“My daddy would tell us don’ be afraid nobody’s gonna hurt you as long as I’m living.” Mrs. Recy Taylor, a 24-year-old black married sharecropper with a baby daughter, was living in Alabama, when she was abducted while on her way home from church in 1944 by seven white local youths with a gun. They loaded her into a car, drove her to a secluded place in the woods, ordered her to strip, and then six of them took turns raping her. They released her four or five hours later that night, warning her that there would be consequences if she reported the incident.
Common in Jim Crow South, few women spoke up in fear for their lives. Not Recy Taylor, unbroken, she spoke up and bravely identified her rapists. The NAACP sent its chief rape investigator Rosa Parks, who rallied support and triggered an unprecedented outcry for justice. Written and directed by Nancy Buirski ‘The Rape of Recy Taylor’ exposes a legacy of physical abuse of black women and reveals Rosa Parks’ intimate role in Recy Taylor’s story. An attempted rape against Parks was but one inspiration for her ongoing work to find justice for countless women like Taylor. The 1955 bus boycott was an end result, not a beginning.
Inspired by At the dark end of the Street | Black Women, Rape and Resistance — a New History of the Civil Rights Movement from Rosa Parks to the Rise of Black Power, by Danielle L. McGuire, the harrowing events are recounted with hurt and indignation that remain raw more than 70 years later by the victim’s sister, Alma Daniels, and younger brother, Robert Corbett, who was practically raised by Recy after their mother died young.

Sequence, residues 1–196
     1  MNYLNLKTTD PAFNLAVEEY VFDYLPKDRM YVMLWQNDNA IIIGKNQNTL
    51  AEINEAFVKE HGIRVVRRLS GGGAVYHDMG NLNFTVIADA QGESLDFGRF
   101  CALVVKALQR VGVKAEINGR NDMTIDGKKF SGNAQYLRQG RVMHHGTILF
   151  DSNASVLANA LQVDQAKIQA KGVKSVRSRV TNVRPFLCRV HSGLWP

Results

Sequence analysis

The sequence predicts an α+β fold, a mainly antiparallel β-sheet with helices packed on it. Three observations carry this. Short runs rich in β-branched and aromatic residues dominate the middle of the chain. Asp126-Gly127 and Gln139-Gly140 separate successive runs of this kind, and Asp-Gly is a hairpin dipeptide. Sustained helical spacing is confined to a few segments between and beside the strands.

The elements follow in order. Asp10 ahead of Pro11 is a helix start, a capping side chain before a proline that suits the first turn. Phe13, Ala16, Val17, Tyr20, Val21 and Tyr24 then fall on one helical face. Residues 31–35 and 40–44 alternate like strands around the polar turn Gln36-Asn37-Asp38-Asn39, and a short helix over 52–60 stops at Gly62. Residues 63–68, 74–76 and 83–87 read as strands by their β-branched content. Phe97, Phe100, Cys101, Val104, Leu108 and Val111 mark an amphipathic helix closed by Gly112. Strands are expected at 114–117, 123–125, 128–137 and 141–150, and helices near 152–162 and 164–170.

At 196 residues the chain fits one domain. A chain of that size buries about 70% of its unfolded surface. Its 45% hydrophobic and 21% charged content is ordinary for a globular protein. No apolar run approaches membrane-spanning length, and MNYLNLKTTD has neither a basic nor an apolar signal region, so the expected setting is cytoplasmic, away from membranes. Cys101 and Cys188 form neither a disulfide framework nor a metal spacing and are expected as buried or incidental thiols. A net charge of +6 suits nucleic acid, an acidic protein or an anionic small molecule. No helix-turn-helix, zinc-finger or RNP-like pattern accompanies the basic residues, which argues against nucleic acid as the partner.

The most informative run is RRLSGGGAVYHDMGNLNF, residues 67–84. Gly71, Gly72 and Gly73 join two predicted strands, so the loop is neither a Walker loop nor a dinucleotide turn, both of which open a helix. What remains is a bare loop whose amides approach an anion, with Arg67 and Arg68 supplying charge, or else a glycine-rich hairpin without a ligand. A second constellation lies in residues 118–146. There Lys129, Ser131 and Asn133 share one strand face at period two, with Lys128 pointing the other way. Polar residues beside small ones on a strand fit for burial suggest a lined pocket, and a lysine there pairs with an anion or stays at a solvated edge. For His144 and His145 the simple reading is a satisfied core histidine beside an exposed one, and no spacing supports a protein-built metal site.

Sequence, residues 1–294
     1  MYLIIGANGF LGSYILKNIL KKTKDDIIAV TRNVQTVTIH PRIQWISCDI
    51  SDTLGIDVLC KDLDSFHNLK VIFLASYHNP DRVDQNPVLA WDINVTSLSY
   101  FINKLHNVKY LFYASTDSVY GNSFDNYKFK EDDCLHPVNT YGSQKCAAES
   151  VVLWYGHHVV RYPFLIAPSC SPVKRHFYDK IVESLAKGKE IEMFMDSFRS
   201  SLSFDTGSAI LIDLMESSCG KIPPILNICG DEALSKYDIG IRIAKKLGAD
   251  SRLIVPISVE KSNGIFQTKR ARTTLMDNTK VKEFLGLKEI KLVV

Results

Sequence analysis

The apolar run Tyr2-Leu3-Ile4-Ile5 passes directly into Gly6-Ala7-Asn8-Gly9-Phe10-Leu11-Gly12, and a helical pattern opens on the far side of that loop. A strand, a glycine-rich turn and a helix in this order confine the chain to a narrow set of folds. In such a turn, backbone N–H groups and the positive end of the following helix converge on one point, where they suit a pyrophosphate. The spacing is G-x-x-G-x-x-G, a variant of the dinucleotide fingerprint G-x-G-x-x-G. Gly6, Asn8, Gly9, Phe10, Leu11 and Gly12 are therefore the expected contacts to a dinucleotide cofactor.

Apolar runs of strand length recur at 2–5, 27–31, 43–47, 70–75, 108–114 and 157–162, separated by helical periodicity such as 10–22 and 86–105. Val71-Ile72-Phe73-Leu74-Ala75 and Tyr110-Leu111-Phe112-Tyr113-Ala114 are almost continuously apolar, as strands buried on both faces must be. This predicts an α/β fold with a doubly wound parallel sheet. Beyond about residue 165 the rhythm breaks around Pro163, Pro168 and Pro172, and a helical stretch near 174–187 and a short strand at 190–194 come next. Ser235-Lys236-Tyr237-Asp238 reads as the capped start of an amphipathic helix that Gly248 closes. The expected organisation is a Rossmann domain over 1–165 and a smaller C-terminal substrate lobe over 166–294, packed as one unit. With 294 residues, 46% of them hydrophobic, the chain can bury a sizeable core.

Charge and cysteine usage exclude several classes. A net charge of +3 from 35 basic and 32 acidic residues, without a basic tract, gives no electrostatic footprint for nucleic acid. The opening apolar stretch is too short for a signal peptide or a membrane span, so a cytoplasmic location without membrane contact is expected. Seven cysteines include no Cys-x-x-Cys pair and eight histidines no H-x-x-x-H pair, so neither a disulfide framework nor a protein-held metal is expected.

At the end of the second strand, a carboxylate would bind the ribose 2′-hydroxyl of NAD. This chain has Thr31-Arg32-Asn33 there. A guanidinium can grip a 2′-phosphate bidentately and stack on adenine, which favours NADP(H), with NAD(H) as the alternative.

“He loved his family to death I believe that’s the reason he didn’t do anything to try and get revenge against those boys because he felt that he had to stay alive to protect the girls. One day we went fishing and he told me I could have got 5 of those guys at one night. I said what guys.” “He said those guys that raped my daughter.” While there was no record of the Taylors ever having been in trouble with the police, early reports falsely identified Recy as a prostitute. As a result of the gang rape being reported, the family’s home was firebombed and Recy’s father slept in a tree out front with a loaded rifle, to guard against further repercussions.
The legacy of slavery remained so ingrained in the South that many white boys were taught by their fathers and grandfathers to view sex with a black woman as a rite-of-passage, consensual or not. According to the plantation attitude, black women’s bodies did not entirely belong to them. The numbers of women raped in Jim Crow South were staggering. In danger for their lives, they did not report the crimes and their stories went hidden. ‘The Rape of Recy Taylor’ will premiere at the Venice International Film Festival Aug 30, 2017 – Sep 9, 2017 and the New York Film Festival Sep 28, 2017 – Oct 15, 2017. The documentary is slated to be released October 1, 2017.
Source: YouTube, https://www.therapeofrecytaylor.com/, Facebook, IMDb